But for the broader Arab and Muslim populace -- most of whom have little sympathy for bin Laden's tactics or even for his brand of Islamic fanaticism -- there is a deep hostility to the policies of the West and especially the United States. Where George Bush declares that terrorists "hate our freedom," millions in the Middle East instead see a U.S. government that -- despite its democratic rhetoric -- backs deeply undemocratic regimes, like those of Saudi Arabia and Egypt. Likewise, despite Washington's professed commitment to human rights, it is the leading supporter of the Israeli government which oppresses Palestinians. And the U.S. bears primary responsibility for economic sanctions against Iraq that have led to the deaths of hundreds of thousands of innocent civilians. Even among Middle Easterners who despise Saddam Hussein (like the Shiites of southern Iraq), anger against the United States is intense.

In July 2001, an al Qaeda recruiting video was circulated in the Middle East, featuring footage of Israeli atrocities and accusing Washington of starving a million Iraqi children. On October 7, the day the U.S. bombing of Afghanistan began, bin Laden released a videotape to the media. David Hirst, who covered the Middle East for the Guardian for nearly four decades, noted, "What appealed to his Arab and Muslim audience was not his catechism -- insofar as there was one -- of the original, pristine Islam he claims to represent, but his enumeration of the injustices to which all Muslims, be they secular or devout, feel they have been subjected at western hands in modern times." Regardless of whether these issues mean anything to bin Laden himself, there is no denying that he has a keen knowledge of which issues resonate in the Arab and Muslim worlds, and can be used to rationalize terror.

If we want to dry up the reservoir of support that sustains terrorism and provides it with a constant supply of recruits, the United States has to change its foreign policy. Christopher Hitchens has argued that the case for changing U.S. policy is no stronger after September 11 than it was before. That's true. It was a moral imperative then; it's a moral imperative now. It's wrong to oppress Palestinians, whether or not Americans die as a result. But, when people ask us what can be done to stop terrorism -- as they have been asking -- we need to tell them the truth: terrorism feeds off anger and frustration, and a lot of that anger is directed at the United States for its unjust policies. Reducing the anger by addressing legitimate grievances is the most effective and appropriate way to reduce the incidence of terrorism.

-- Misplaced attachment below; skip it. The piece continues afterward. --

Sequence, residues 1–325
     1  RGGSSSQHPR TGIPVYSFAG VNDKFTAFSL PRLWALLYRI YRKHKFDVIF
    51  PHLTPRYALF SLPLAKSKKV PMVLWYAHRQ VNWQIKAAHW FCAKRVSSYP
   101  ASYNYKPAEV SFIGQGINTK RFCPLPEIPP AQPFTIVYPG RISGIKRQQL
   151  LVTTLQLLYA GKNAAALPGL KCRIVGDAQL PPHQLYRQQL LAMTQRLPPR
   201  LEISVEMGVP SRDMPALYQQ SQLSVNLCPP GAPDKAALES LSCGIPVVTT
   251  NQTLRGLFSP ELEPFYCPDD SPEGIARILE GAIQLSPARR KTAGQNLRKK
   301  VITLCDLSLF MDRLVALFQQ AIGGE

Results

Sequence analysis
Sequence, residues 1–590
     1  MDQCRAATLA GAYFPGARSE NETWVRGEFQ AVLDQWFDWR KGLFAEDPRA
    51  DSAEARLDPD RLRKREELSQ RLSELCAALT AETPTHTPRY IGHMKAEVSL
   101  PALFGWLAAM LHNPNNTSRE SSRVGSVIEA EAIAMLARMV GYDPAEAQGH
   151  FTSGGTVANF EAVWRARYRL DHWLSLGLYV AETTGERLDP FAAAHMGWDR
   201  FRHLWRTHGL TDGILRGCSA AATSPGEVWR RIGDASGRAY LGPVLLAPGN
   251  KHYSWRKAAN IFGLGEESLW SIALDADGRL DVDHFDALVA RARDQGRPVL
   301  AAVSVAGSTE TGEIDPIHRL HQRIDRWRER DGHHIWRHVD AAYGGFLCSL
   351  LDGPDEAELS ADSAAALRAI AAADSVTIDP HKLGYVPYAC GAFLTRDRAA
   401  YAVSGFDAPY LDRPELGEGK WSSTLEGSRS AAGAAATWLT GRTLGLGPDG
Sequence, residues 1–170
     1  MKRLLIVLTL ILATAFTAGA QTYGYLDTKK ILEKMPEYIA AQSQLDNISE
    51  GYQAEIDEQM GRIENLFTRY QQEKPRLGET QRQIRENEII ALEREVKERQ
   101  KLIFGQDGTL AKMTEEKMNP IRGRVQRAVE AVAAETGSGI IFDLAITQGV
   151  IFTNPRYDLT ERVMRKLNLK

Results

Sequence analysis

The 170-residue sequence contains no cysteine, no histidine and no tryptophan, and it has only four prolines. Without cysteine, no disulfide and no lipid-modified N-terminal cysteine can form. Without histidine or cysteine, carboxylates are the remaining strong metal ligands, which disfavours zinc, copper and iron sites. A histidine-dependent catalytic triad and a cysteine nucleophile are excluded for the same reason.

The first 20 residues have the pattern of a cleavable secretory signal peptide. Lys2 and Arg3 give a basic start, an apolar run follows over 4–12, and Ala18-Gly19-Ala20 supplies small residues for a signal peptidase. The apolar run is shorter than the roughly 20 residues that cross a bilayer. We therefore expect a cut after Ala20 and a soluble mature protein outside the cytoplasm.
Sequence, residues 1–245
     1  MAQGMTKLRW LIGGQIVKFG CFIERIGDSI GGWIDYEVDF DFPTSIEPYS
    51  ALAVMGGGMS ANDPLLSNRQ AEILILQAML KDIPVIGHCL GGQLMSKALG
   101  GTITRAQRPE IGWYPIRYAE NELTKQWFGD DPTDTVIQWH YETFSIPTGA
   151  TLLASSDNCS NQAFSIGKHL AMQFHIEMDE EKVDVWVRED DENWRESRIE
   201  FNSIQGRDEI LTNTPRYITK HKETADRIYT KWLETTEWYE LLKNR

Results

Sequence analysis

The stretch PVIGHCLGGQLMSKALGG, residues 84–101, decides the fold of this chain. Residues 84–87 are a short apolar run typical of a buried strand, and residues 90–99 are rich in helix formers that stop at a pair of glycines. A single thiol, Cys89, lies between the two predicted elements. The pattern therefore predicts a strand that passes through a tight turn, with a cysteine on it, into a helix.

Consider another analogy. Some people brought up in grueling poverty become anti-social criminals. Such criminals need to be brought to justice. But Leftists need to also point out that poverty continually breeds crime. That doesn't mean that criminals should be permitted to continue their crime sprees or that somehow they were justified in slitting the throat of this or that innocent victim. And, of course, poverty would be important to eradicate for reasons of basic justice, even if it had no connection to crime. But when our fellow citizens ask what we can do about the crime problem, and when pundits come up with all sorts of explanations that ignore the real underlying causes -- inexplicable evil, random resentment of people who are happy, etc. -- Leftists need to tell them the uncomfortable truth.

To be sure, not all the anger directed against the United States is the result of legitimate grievances. Anti-Semitism of the European variety has been spreading in the Middle East and many want to drive Israeli Jews into the sea. (Bin Laden's denunciation of "Jews" in his public statements suggests that he doesn't expect anti-Semitism to lose him a lot of popular support in the region.) Clearly, we should not endorse any call for the destruction of Israel. We must support the equal recognition of national rights for Israeli Jews and Palestinian Arabs -- a position backed by a wide international consensus, though not by some Islamist radicals, nor by Israel or the United States.2

Beyond specific U.S. policies -- backing Israeli repression or enforcing murderous sanctions on Iraq -- another factor that provides a breeding ground for terrorism is poverty and despair. It might seem odd to speak of material deprivation in the Middle East, given the tremendous petroleum resources of the region. But in fact from North Africa to Southwest Asia there is immense poverty, made all the more incendiary by the presence of oil wealth in the hands of the few. In Saudi Arabia, with the largest oil reserves in the world, 30 percent of the workforce is unemployed and average income has dropped by at least half over the last two decades, while the extended royal family engages in ever more massive corruption. The rulers, however, don't need to be responsive to the population because they are kept in power by a ruthless internal security apparatus, closely tied to the United States.3